NASA Is Outsourcing 'Space Taxi' Service to SpaceX, Boeing

Elon Musk, CEO of SpaceX, shows off the Dragon 2 in May -- functionally similar to the Dragon taxi service that will deliver astronauts.
We finally have a replacement for the Space Shuttle — or rather, two replacements. And neither of them will be built by NASA.
SpaceX and Boeing will both be awarded contracts for a "space taxi" rocket launch system that will deliver up to four NASA astronauts to the International Space Station at a time, with an eye to full NASA certification of the systems in 2017.
Currently, NASA has to buy seats on Russian Soyuz rockets to ferry astronauts to the ISS. Not only does that cost $70 million per seat — at a half-dozen seats per year — it's increasingly problematic as Russia has become more belligerent and Western nations have been searching for sanctions.
"The greatest nation on Earth should not be dependent on any other nation to get us into space," NASA administrator Charles Bolden said pointedly during the contract announcement Tuesday.
Under its Commercial Crew and Cargo Program — also known as C-3PO — NASA has already awarded both companies contracts to deliver supplies to the ISS. Human transport is the next logical step. NASA will be spending a total of $6.8 billion on the contracts.
Boeing will get the lion's share of that — $4.2 billion, versus $2.6 billion for SpaceX — but both will be delivering essentially the same service.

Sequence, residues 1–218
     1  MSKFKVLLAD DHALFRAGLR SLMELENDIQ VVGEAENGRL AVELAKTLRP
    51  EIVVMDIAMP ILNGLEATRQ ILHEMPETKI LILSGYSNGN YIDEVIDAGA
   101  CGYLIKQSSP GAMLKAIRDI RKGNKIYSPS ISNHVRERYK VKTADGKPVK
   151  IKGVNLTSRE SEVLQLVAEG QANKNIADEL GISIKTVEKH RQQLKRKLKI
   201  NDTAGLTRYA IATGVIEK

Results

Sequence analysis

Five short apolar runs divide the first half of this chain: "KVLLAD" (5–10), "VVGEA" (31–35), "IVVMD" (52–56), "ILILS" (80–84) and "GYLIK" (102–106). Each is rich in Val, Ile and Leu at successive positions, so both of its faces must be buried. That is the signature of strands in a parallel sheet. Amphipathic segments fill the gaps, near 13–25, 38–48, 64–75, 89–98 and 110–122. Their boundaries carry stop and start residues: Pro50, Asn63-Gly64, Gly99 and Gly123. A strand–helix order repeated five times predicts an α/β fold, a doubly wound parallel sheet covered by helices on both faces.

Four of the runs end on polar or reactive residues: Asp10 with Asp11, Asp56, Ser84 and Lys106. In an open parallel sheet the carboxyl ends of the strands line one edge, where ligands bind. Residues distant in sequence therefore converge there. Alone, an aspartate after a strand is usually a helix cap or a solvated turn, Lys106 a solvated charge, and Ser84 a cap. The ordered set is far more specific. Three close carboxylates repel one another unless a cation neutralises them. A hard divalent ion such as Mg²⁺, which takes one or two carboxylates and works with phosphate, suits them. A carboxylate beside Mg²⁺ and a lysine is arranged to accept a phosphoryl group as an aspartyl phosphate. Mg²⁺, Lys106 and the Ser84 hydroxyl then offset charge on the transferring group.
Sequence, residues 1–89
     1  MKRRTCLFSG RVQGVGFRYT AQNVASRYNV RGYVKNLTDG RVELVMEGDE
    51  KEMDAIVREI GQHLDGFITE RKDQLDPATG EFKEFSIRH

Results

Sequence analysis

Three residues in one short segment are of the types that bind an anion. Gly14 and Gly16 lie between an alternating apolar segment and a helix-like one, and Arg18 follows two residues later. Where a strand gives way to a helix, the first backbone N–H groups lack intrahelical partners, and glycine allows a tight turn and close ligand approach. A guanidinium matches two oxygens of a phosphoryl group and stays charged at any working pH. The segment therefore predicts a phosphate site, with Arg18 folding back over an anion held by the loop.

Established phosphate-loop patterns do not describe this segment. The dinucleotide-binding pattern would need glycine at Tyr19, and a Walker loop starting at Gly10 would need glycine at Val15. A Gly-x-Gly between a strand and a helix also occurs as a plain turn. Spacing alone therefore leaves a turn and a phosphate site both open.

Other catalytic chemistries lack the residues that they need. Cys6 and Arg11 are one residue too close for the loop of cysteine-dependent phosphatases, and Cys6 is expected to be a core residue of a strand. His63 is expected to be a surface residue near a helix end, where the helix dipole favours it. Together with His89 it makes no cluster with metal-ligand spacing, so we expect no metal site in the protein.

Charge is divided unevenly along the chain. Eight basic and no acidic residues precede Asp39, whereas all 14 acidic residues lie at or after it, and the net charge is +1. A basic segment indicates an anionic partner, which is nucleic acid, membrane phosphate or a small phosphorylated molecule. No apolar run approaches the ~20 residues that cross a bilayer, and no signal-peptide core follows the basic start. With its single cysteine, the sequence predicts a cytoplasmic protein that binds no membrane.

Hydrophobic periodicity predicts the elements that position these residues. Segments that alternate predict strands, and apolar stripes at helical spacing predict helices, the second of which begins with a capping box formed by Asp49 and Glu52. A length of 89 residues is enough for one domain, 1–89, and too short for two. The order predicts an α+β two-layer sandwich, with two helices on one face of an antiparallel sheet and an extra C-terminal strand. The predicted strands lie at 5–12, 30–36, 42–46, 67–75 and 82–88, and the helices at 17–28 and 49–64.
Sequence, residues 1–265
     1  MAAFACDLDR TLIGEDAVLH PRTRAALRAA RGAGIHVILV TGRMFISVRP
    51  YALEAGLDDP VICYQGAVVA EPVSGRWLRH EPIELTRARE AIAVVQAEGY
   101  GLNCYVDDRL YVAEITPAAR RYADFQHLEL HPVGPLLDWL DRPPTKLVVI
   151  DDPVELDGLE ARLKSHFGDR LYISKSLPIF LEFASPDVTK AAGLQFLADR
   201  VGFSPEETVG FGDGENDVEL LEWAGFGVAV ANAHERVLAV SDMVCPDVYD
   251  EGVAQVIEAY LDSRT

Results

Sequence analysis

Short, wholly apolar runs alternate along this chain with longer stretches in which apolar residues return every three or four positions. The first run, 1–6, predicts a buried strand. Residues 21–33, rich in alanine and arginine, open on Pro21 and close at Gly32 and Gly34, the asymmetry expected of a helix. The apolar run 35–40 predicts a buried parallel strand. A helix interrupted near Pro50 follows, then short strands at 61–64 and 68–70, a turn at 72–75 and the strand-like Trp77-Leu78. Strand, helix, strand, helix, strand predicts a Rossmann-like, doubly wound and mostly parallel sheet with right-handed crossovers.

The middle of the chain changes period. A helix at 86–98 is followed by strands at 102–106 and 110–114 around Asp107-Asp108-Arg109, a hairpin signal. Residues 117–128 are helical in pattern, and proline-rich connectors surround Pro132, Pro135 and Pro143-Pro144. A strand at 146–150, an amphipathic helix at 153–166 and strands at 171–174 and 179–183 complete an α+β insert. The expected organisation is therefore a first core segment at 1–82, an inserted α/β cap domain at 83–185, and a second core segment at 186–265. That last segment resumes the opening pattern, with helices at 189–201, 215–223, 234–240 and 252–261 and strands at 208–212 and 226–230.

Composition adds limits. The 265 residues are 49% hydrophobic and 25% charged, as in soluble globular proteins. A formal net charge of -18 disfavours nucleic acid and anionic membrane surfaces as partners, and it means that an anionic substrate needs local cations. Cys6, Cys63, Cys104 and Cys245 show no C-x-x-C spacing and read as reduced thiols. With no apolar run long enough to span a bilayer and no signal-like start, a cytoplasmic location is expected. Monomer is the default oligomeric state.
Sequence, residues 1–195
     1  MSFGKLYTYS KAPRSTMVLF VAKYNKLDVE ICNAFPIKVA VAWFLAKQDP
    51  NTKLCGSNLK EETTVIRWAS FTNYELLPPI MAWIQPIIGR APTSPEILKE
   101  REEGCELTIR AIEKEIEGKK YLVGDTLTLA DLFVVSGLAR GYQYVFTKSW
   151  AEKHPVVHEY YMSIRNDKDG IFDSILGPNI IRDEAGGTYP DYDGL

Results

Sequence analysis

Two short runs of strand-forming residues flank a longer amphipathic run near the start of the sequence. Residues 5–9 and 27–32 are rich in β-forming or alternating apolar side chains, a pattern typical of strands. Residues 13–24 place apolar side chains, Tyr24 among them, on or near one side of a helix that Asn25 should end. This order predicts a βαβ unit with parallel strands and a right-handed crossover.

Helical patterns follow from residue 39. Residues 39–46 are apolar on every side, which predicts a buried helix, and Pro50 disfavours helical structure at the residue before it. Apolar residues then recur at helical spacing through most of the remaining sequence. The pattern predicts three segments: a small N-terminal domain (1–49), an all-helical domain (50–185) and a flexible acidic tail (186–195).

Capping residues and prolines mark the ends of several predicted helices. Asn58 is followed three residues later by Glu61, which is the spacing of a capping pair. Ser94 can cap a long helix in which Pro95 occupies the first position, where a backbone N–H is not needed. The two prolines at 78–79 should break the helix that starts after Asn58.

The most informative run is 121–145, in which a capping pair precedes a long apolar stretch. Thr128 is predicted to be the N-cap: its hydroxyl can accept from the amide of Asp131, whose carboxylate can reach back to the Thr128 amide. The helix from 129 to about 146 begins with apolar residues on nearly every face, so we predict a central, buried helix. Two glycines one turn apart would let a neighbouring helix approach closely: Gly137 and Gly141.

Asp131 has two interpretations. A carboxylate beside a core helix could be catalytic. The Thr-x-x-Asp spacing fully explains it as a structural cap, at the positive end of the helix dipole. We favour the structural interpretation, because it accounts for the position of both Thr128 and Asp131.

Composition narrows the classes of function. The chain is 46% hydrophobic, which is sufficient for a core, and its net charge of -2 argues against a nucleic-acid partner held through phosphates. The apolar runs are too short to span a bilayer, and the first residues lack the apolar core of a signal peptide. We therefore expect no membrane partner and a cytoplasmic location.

Starting in 2017, these new ships will allow for a larger capacity on the ISS — 7 people at a time rather than 6, NASA said — and will allow for more human spaceflight time overall. The ships will also act as lifeboats in any space emergency, with the ability to support a crew in orbit for more than 200 days, the agency added.
The Boeing delivery vehicle is the CST-100; the aerospace giant will build three of them, and says each one will be reusable up to 10 times. Here's Boeing's promotional video for the CST-100:

CST-100 Dream Lives On by talkingpointsmemo
And here's the proposed SpaceX service, given the rather more exciting name of the Dragon Taxi:

Dragon's Taxi - spacex - v2 - animation by talkingpointsmemo
Sierra Nevada Space Systems and Blue Origin, which is Jeff Bezos' privately funded space venture, were also in the running to provide space shuttle service.

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